Tag Archives: snow

Sloppery

3 Jan

1. I alternated between WBEN 930-AM, the Buffalo news station, and a Torontonian station, 680 News (CFTR) Friday morning. WBEN did the list of closings, traffic & weather, news, and featured several interviews with people who work outside, commenting on what it’s like to work outside (breaking – it’s cold when it’s cold, and hot when it’s hot). 680 went through its repetitive pattern of news, weather, traffic, sports, business news, and commuter issues. There was no talk of school or business closings. Just typical big-city news. It was a fascinating comparison. 

2. Cold feet? The warmest socks I ever owned were marketed in the US as “Swiss Army socks”. They aren’t anymore, but you can buy them online from the Swiss manufacturer, Rohner. The original is CHF 28 (about $32), and shipping is a flat $10.60 for orders under $160. I am still looking for an American retailer who carries them, but they’re worth every penny, IMHO. 

3. Even with very low temperatures, somewhere in Buffalo there will be a guy walking around today in shorts and boots. 

4. I coined a new word yesterday wholly by accident – “sloppery”. It is a portmanteau of “sloppy” and “slippery” and described the super-fine powder causing people with crap tires to slide around the roads Thursday and Friday. 

5. Speaking of which, get yourself some snow tires

6. My predictions for 2014 are contained in this article for the print edition of Artvoice

7. Trina Tardone and Emily Trimper, come on down! You’re the next contestants on, How Creepily Did Dennis Gabryszak Sexually Harass You?! (That makes 6 accusers. Where there’s smoke, there’s fire; but where there’s a blazing inferno, shit’s going down.)

7. Nickel City Chef 2014 tickets go on sale today. They may already be sold out. 

 

Snow: Remediate and Promote

3 Dec

Big lake effect snow events resulting in accumulation measured in feet.  It’s a way of life not just here, but also in Watertown, Rochester, and Syracuse.  Yet for the past couple of years, we’ve had big snow events that have crippled travel around here, leaving motorists stranded for days.

Meanwhile, almost the entire east of the United Kingdom has been pounded by sea-effect snow as unusual Arctic air from Siberia has swooped over the North Sea to snarl movement and commerce throughout that island nation.  It has crippled travel and left people stranded and unable to go to work.

The difference?  Although the UK is at a more northerly latitude, its weather is quite mild thanks to the moist, warmer air blowing in courtesy of the Gulf Stream of the Atlantic. Buffalo is at 42 degrees North, while London is at 51 degrees North – the same latitude as stark and wild Newfoundland and Labrador. Ireland has palm trees – Newfoundland doesn’t.  It is thought that a newly emerging La Nina event is causing the Siberian air to swoop down over western Europe.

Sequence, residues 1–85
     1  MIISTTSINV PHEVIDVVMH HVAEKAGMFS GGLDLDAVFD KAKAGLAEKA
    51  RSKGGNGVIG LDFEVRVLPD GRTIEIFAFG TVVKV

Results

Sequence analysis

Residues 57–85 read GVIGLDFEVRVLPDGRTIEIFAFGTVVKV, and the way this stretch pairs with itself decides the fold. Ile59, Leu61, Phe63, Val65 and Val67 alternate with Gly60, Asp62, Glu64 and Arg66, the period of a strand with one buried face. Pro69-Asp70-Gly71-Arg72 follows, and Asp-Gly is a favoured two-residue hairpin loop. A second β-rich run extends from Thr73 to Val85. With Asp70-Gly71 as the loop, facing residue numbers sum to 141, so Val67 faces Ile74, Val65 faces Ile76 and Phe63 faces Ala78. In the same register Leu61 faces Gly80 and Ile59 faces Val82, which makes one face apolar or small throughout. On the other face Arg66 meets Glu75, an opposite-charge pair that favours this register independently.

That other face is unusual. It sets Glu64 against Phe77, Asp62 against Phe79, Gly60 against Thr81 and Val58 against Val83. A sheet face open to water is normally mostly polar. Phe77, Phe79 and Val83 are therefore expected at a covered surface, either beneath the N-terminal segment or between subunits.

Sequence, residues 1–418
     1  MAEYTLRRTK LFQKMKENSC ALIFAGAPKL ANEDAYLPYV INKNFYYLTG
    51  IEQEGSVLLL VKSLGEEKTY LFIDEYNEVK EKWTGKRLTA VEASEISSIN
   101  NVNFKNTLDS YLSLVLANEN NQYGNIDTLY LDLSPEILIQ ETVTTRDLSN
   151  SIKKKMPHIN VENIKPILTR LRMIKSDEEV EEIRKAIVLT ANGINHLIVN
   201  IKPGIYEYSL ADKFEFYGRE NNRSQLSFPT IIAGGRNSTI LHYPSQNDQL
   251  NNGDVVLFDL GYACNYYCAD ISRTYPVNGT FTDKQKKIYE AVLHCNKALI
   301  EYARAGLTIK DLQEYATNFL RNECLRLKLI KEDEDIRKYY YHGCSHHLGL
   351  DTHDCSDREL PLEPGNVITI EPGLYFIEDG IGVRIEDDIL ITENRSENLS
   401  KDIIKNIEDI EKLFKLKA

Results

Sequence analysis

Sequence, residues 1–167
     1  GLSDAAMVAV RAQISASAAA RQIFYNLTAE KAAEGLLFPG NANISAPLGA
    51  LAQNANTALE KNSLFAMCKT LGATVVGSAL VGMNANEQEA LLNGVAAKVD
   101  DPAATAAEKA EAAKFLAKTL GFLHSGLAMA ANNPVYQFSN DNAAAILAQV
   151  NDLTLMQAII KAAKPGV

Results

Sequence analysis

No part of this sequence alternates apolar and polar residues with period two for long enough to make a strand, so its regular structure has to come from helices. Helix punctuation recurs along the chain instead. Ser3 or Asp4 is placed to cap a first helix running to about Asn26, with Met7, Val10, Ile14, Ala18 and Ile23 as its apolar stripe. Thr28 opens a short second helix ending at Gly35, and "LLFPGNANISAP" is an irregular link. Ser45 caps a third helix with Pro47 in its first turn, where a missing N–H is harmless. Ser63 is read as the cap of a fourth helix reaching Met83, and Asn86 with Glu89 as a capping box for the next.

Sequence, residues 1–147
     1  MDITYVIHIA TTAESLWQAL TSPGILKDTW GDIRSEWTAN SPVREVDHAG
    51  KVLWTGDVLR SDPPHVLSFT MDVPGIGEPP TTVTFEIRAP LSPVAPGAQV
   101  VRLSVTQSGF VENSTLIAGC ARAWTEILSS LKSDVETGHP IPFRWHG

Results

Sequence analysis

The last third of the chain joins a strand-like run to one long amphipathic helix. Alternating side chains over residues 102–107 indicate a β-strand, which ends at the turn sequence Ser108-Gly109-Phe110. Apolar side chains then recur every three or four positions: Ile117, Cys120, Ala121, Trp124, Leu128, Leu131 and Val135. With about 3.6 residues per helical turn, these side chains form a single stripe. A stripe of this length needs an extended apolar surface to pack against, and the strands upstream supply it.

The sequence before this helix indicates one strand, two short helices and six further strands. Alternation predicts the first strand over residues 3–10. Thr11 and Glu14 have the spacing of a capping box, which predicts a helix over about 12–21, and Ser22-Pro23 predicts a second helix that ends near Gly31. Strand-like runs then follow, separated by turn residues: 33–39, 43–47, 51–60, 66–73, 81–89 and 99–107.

It makes sense that England would have a hard time coping with a days-long dump of snow, as “gritters” attempt to keep roads free of ice and plows try to make their way through roads narrower and less straight than those here.  After all, they’re simply not used to extreme winter weather like this in southeastern England.

Buffalo, on the other hand, is almost synonymous with bad snowfall, yet we cope as ineffectively as the British.  I’m not talking about not being able to keep up with snowfall coming down at 2″ per hour – I’m talking about leaving motorists stranded on the region’s main arterial thoroughfare for 24+ hours.  That’s dangerously incompetent.  Then again, so is the fact that it will take the City of Buffalo several days to plow out all of its side streets in just its southern half.  But the Thruway is notoriously inept and a poor value for money.  Its draconian rules about who can and cannot service motorists on that roadway should have long ago been abolished as unfair, and its refusal to modernize its toll collection system is so inexplicable that the only conclusion is that they’re being punitive.

I’m a proponent of the notion that Buffalo needs to stop whining about our weather and embrace it instead.  Swedes, Russians, Canadians, Minnesotans, and residents of other places with big winters make the most of it. Quebec City is known for its winter carnival every February, when the temperature is negative a million.

Celsius.

Efforts like the Winterfest or Santa’s Park or last year’s Powder Keg make the most of our winter weather, but they don’t go far enough.  Since Buffalo is best known for its snow, we should embrace it and market that.  But we won’t, mostly because Frank Lloyd Wright had nothing to do with it and public money can’t be thrown at it.

I have an idea along these lines, which I’ll discuss in a later post.

But in the meantime, it’s stupid that we moan about an integral part of Buffalo life – our messed up weather, and it’s inexcusable that we can’t effectively clear it.  Buffalo Niagara International Airport’s snow remediation facility is the envy of the world.  So should our road crews.

Branding Buffalo

25 Feb